It seems very unrepresentative to me and skews the election results.”

    The idea comes from Germany and was essentially to stop another Hitler from coming up. The argument is that had Hitler not gained a few seats in the Reichstag that he would not have become dictator of Germany.

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  5. Cynical1 Says:
    November 1st, 2008 at 10:25 pm

    > Does anyone know the justification for the 5% threshold? If we’re prepared to entertain Jim Anderton, Peter Dunne and the Maori Party overhangs, why not an MP from Social Credit, and a couple from the Christian Democrats (who regularly got 4% in past elections)?

    The 5% threshold was justified by the Royal Commission on the grounds that they wanted to avoid having lots of small, extremist parties like Israel has, because they thought this would make the formation of stable governments more difficult. The one-seat rule to get around the threshold was based on the idea that a party that could win an electorate was likely to be less extreme and therefore easier to work with.

    When I mentioned this to a guy from Germany, he replied that it is illogical, because the NAZIs were a loony radical fringe party, and they got way more than 5% of the vote. I think the argument for introducing the threshold in germany after the war was that the high vote for Nazism was due to people wanting strong government, because they were fed up with the instability of the German political system created by having no threshold in the 1920s. I don’t know if any of that reasoning really makes sense, but it seems you can always win an argument by suggesting that what you are arguing against is somehow connected with Hitler.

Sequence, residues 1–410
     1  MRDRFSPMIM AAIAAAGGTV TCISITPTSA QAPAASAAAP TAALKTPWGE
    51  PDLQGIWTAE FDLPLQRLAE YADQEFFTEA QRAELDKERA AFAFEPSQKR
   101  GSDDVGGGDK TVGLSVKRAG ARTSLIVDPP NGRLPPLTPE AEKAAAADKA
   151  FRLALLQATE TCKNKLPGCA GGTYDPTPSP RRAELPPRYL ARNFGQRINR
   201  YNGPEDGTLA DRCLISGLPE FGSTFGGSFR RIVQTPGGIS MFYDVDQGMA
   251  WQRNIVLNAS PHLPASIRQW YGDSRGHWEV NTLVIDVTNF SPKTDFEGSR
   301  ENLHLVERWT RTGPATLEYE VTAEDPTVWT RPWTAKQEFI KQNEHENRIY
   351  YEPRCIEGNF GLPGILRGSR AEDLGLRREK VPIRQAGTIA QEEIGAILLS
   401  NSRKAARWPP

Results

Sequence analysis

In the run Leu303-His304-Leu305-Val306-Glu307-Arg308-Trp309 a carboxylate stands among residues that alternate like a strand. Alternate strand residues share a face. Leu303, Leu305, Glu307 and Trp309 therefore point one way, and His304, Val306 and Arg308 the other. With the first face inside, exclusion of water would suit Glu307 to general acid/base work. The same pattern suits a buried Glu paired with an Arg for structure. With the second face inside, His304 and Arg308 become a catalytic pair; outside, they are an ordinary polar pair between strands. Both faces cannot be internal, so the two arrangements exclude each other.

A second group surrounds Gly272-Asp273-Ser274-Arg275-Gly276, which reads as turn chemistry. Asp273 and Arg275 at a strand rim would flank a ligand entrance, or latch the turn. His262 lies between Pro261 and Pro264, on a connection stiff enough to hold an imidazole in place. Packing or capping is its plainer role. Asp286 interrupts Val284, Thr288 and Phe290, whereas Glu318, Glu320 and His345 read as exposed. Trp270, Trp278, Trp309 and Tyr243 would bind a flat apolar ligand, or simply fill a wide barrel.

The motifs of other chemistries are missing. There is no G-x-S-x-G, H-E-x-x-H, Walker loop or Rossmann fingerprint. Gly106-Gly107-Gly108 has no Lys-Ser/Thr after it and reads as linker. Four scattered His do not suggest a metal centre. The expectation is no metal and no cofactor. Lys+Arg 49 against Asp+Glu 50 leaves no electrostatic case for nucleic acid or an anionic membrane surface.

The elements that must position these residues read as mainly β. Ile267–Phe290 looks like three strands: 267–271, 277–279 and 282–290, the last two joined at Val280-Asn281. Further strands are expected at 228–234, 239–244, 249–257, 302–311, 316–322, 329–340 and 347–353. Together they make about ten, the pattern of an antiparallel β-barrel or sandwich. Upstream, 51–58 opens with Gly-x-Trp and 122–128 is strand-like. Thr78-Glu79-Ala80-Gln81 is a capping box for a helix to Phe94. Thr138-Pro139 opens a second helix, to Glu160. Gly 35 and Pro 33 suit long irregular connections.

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  6. The problem with transferable votes (or instant runoffs if you prefer) is that they have a tendancy to do crazy things. For instance, ranking your second favourite first and your real favourite second can be required to cause your real favourite to win an electorate contest. It’s also impossible to rank candidates equal, and it’s not very evaluative- that is, you can’t say when you think two candidates are very “close together” in quality, and when another two candidates are very “far apart”.

    There’s also no negative votes. There’s no difference between saying “I don’t know enough about X to risk voting for them” and “I really wish I could get rid of Kerry Prendergast” :P

    As for transferrable party votes- that would be an awesome way to incubate smaller parties like RAM and the Alliance, and would fix the problem of potentially adding seats to parties you don’t support by voting for a party that doesn’t get in. (for instance, a vote for Destiny Party might have bumped the Greens up an extra seat, or a vote for Alliance could bump National up a seat.)